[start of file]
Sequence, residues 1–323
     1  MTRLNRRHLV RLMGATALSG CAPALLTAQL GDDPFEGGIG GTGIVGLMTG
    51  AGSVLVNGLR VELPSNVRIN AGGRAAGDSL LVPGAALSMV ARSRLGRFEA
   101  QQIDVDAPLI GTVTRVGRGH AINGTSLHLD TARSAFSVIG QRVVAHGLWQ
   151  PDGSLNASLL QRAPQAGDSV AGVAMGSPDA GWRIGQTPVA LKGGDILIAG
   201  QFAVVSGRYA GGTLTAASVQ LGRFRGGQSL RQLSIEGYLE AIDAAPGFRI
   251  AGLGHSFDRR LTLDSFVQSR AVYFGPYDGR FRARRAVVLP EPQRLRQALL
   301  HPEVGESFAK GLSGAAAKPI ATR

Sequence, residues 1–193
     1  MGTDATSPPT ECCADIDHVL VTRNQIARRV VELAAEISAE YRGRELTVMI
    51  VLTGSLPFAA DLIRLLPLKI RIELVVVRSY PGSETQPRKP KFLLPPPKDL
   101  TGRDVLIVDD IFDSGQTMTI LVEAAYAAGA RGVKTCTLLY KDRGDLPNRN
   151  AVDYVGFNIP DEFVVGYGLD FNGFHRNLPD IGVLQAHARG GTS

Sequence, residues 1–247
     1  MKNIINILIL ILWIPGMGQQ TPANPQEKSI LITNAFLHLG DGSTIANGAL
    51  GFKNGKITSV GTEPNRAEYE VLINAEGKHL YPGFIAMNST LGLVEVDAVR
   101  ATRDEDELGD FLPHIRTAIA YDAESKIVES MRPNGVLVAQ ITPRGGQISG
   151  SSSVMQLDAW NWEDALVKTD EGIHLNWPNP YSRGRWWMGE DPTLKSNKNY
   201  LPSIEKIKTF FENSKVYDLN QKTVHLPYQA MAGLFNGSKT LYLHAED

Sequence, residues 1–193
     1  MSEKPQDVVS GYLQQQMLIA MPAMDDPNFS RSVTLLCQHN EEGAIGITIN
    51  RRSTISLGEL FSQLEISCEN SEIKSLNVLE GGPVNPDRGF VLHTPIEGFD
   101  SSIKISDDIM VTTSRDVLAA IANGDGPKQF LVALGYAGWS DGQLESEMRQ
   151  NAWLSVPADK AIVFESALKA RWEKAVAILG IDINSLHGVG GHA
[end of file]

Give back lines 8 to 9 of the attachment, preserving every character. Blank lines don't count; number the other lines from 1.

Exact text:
   301  HPEVGESFAK GLSGAAAKPI ATR

Sequence, residues 1–193